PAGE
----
Mrs. Coulter turns her frustration on Sister Clara for a minute, and we think Mrs. Coulter is going to strangle her to death. And call me crazy, but the way CGM was looking on, it seemed proud of its human. But Mrs. Coulter stops, mid-choke, and tells Sister Clara that she didn’t mean it. Really, it would have been a mercy killing, had she gone through with it. But what makes Mrs. Coulter so interesting as a character (apart from Ruth Wilson’s stellar performance) is the way she teeters back and forth over that line between sanity and delusion.
In another episode of “Sliders, Now Starring a Hot and Sinister Man,” Carlo Boreal is now making house calls. He’s after John Parry’s letters, and is more than happy to intimidate the hell out of Elaine Parry to do it. She’s calling BS on his claim that he’s some sort of official, and even more so on the notion that her husband could still be alive. She wants a warrant, or even some form of identification before she cooperates with him. What rattles her the most is Boreal’s snake-daemon, which Elaine sees on him, despite his insistence that it’s not there. Even his daemon is there for the gaslighting.
Boreal finally backs off Elaine, but stops by the Lurkmobile to tell his two lurking henchmen, “I don’t care how you do it, I want the letters.” Elaine, meanwhile, rushes to her son at school. Will doesn’t like it when his mother brings her raving to his school, but she finally gets his attention. He leaves her with a friend to look after her and heads home to do some lurking of his own. When the henchmen break in that night, the result isn’t what they were hoping for.
Will, with the help of their cat (either on purpose, or the cat just getting in the way, as cats do), pushes Henchman #1 over a railing (possibly killing him, we’re not sure), and runs off into the night with his father’s letters in his backpack.
This whole time, we have been wondering what befell Lee Scoresby, since his friends all seem to have fallen out of his airship. He’s relatively safe on the ground, fretting over the state of his broken airship. I keep wondering if the person in charge of his hair and makeup did some time on Doctor Who, because Lin-Manuel Miranda has some serious Tennant hair working for him. He has no alethiometer to reassure him that his friends are safe, but he does have connections.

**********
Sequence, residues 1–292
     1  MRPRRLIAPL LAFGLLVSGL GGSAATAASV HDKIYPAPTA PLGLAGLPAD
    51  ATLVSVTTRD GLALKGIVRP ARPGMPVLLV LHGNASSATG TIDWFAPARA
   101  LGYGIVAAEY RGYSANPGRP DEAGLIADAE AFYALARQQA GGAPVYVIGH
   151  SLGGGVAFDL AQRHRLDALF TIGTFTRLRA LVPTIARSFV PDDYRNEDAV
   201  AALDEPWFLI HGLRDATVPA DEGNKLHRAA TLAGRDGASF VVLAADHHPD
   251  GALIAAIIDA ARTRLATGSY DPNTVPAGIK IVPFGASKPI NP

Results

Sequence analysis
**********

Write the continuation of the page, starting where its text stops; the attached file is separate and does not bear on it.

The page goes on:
Serafina the witch pops by to give him the news. Watching him whoop with exuberance is one of the best things in the episode, though that’s probably a Miranda thing, not so much a Scoresby thing. When the witch starts talking about his destiny, he demurs at first, saying “no more fancy talk. I’m just a hustler, I played my part.” No, Lee! History has its eye on you! You’re in this for the duration! Lee resigns, saying “I hope I’m strong enough.”
This leads to everyone, in their own ways, beginning to cowboy up for what’s looking like an inevitable showdown. Father MacPhail is all set to switch sides and hitch his wagon to Lord Asriel, but Mrs. Coulter quietly demonstrates to him how she is way more scarey than her ex. Also, she’s now got lots of guys with machine guns at her back, which takes her scarey to a whole new level.
Lyra, along with Roger (another successful plummeter), get a ride from Iorek, to go to see Lyra’s father, Lord Asriel. I would have thought being new king of the armoured bears meant that Iorek had to stay at Svalbard and do king things, but I guess not. Lyra’s reunion with her father isn’t what she’d hoped for. He is not happy to see her, angrily repeating that he hadn’t sent for her. His mood shifts when he sees Roger, and I am sure that isn’t going to bode well for either Roger or my continuing fondness of Asriel. For the first time, we are really seeing that Lyra’s parents are both zealots, each fanatical in their own way.
Next week—the season finale. Will we finally get to see the opposing theologies that Lyra’s parents represent go head to head? And will we get a clearer idea of whose side we are actually supposed to be rooting for?